Whisper: How to Hear the Voice of God, Mark Batterson, WaterBrook & Multnomah, 2017.
Let’s face it. It’s hard to hear the voice of God.
Especially when we consider the multiple voices, alerts, and notifications we listen to. There are the voices (and tweets) of politicians, gurus, and talk show hosts. They are loud and overbearing. There is the constant 24-hour news cycle. And the notifications that pop up on our smartphones.
Then there are the coworkers, family, and friends who give us advice. There are iTunes, podcasts, and newscast. Then there are demands at work, at home, and at church. The demands on us continue as we pack lunches, help with homework, pay bills and manage money.
Our lives are full.
And we are supposed to hear God?
When I graduated from seminary, I felt this heavy weight lift off of me. It was a glorious moment, complete with a “Hallelujah” chorus. But what that moment really meant to me was I could hear again. I no longer had to read the theologians and theorists of the ages. No longer did I have to heed the teachings of professors. There were no more papers to write or exams to take.
I could hear God again.
It was my Elijah moment. I stepped away from graduation as if I had just regained my hearing. Once again I could hear the still, small voice of God. It was hearing that I needed as I discerned my call to ministry.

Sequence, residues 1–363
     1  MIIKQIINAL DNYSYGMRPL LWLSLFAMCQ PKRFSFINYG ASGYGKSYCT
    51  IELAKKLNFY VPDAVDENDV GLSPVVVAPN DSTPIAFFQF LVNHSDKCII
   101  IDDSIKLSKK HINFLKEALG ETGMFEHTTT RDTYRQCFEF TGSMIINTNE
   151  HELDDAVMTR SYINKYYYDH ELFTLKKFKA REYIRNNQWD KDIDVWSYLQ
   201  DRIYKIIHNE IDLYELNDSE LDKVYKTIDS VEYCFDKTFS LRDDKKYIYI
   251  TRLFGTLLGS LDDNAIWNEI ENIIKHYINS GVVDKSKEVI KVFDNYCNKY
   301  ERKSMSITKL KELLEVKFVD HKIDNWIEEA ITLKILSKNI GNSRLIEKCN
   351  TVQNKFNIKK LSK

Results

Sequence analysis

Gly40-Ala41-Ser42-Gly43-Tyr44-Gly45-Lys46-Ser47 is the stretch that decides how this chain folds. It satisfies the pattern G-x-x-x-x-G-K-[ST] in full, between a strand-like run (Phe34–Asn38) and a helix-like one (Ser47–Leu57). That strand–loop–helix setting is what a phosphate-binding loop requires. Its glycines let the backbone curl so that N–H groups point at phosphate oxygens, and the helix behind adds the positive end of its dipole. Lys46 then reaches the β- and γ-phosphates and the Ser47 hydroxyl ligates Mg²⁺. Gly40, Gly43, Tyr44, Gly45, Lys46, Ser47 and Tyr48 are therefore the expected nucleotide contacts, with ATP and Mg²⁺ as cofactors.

Mark Batterson, the pastor, and author explores this very idea in his new book Whisper. He takes aim at the age-old question, “Does God still speak?” Batterson argues that God still whispers, and suggests seven love languages through which this communication happens. These languages are Scripture, Desires, Doors, Dreams, People, Promptings, and Pain.
Batterson teaches that by learning to tune in and decipher each of these seven languages in our own contexts, we will be able to hear God’s whisper in our lives. These whisperings could easily be guided to life-altering and life-changing decisions.
We just need to listen, Batterson suggests.
One of the ways to listen is to find a listening spot. This spot is a place where we are distraction free, listening to and waiting for the whispers of the Holy Spirit. Some call it a prayer room. Others choose their meditation routine. Whatever you call it, it is a place to listen and discern.
Batterson weaves unique stories from science about sound and hearing with his own personal experiences. If you have read any of Batterson’s other works, you may be familiar with some of the stories he tells.
You can buy your own copy by clicking on the image below.
Thanks to NetGalley and the publisher for a digital review copy.